I recently read an article from a financial planner arguing that one of the three best reasons for estate planning is to avoid probate.  The writer complained of the cost, which he said was 6% of the gross estate.  He recommended putting all of your non-retirement assets in trust (a “living trust”) so they would pass to your beneficiaries outside probate on your death.

I am a lawyer and I do probate work.  I also create the trusts that the writer favors. Here’s my take on the issue.

With proper planning there is usually no estate to probate on the death of the first spouse. Most assets – house, cars, bank accounts, etc. – pass to the survivor directly without probate.  On the death of the second spouse the remaining assets are distributed to their children and grandchildren.  Probate administration is how that happens.  It is not lengthy or expensive (more on that below), and is an efficient way to handle the estate with the assurance of court review if necessary.

In large part, a living trust is nothing more that probating your estate before your death.  You need a lawyer to create the trust, transfer your assets to the trustee, then insure proper distribution on the second death.  That sure sounds a lot like probate administration, except you’ve done it (and paid for it!) before you needed it.  And the trust must keep separate accounting records and may be required to file separate tax returns.  I seldom see a family situation that warrants a living trust.  It can be a good idea if an individual or couple is elderly and a separate trustee is needed to attend to their financial affairs, but you can often accomplish that with a power of attorney.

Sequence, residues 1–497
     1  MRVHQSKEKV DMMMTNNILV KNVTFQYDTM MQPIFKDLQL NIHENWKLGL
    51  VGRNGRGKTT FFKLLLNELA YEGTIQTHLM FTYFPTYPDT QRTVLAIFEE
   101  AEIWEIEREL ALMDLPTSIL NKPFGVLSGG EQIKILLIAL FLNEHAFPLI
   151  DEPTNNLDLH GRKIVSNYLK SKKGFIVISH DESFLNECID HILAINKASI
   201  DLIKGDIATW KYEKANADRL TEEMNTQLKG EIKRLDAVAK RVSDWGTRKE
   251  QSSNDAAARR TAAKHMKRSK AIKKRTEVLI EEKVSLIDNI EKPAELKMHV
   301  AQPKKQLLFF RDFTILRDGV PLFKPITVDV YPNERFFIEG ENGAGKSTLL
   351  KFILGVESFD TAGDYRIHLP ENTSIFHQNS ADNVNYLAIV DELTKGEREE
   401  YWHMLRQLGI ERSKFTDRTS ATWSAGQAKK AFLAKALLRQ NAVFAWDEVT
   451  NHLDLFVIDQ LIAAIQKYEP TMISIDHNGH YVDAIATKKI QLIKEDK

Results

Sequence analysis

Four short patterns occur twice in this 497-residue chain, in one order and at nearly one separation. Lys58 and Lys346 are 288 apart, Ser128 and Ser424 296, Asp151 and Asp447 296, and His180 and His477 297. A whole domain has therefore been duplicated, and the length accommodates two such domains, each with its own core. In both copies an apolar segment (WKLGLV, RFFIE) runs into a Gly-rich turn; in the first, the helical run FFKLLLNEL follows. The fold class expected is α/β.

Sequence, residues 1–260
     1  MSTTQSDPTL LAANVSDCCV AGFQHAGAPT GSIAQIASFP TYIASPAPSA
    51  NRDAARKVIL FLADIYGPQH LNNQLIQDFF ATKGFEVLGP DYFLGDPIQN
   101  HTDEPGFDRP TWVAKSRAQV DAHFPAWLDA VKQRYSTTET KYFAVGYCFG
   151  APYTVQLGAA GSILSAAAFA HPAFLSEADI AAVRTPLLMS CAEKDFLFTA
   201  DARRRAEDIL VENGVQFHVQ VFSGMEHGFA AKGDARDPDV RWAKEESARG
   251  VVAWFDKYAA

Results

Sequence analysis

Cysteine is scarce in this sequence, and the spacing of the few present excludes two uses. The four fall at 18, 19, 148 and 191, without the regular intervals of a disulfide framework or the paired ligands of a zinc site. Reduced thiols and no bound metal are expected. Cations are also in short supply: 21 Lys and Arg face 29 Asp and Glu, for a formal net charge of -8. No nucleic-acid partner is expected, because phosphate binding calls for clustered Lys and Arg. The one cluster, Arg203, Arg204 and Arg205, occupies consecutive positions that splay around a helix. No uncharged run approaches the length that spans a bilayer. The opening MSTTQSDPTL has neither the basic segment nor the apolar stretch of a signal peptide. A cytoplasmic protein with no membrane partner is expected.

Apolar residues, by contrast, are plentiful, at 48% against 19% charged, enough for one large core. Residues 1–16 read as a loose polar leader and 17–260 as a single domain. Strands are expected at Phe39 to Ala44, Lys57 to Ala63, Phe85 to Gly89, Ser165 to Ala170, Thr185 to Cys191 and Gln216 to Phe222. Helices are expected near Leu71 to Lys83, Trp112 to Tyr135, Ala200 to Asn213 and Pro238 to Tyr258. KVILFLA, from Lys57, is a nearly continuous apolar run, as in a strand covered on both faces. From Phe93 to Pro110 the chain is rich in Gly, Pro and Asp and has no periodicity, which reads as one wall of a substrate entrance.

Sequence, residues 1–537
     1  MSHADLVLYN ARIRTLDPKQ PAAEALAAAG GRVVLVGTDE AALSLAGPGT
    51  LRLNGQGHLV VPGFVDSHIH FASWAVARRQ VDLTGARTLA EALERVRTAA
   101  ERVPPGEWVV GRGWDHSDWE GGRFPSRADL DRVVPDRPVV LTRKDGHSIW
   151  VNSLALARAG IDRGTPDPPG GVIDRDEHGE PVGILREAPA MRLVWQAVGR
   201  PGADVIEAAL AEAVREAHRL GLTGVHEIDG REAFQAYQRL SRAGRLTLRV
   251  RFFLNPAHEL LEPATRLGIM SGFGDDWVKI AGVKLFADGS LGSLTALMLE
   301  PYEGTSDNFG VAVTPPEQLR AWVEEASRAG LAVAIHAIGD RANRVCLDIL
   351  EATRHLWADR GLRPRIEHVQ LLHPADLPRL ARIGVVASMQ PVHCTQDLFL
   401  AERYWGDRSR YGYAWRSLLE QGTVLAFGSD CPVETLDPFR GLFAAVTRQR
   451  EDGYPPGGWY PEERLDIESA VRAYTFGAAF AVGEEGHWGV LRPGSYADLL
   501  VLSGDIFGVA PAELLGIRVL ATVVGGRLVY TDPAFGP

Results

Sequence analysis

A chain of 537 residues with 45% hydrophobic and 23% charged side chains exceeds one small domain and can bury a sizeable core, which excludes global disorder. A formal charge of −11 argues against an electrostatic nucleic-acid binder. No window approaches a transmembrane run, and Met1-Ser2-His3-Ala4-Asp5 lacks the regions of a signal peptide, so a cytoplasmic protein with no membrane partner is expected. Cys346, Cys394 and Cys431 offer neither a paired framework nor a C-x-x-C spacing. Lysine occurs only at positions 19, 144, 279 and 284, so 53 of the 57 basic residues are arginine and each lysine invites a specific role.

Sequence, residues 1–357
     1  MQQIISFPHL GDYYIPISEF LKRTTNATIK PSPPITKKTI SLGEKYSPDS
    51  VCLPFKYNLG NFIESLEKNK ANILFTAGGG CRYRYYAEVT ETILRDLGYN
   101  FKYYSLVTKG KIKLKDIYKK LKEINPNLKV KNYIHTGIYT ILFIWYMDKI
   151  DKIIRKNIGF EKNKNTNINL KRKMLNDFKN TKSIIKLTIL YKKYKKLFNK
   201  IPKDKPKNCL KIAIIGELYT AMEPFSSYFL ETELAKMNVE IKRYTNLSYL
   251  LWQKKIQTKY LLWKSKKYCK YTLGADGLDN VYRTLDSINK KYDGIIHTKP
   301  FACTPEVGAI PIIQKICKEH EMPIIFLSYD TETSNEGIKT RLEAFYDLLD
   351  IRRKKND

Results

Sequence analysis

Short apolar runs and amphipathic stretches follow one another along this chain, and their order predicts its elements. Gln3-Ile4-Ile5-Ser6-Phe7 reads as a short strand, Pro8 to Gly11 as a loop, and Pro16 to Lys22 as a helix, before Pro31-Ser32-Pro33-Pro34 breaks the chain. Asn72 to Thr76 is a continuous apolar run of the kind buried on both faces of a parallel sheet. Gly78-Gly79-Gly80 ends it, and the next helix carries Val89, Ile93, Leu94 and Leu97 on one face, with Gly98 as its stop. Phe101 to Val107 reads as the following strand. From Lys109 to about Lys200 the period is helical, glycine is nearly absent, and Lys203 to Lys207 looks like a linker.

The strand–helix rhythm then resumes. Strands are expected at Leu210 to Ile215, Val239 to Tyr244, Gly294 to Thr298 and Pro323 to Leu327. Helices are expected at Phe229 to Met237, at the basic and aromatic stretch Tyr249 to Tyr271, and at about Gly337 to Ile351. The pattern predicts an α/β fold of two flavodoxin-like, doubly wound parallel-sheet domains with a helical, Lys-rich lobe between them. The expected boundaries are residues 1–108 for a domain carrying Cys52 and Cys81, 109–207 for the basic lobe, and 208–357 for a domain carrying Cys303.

As to cost, in this jurisdiction attorneys used to charge 5% of the estate as a fee, but no longer do.  In my experience, depending of course on the size and complexity of the estate, attorney’s fees and court costs usually run about 2 ½ % of the estate, billed at a traditional hourly rate. That would likely be the same amount you would pay for the living trust, and the total cost may be even less, especially over time.

So, while I draft trusts every day and use living trusts where appropriate, I do not agree with the popular thought that a living trust is better than probate. Of course each family is unique and circumstances vary, which is why you should plan carefully, and seek the advice of an experienced attorney.

And don’t take legal advice from a magazine article.

In case you’re wondering, the other two reasons given for estate planning were tax avoidance and making sure your assets go where you want them to go.  Both are excellent reasons for estate planning.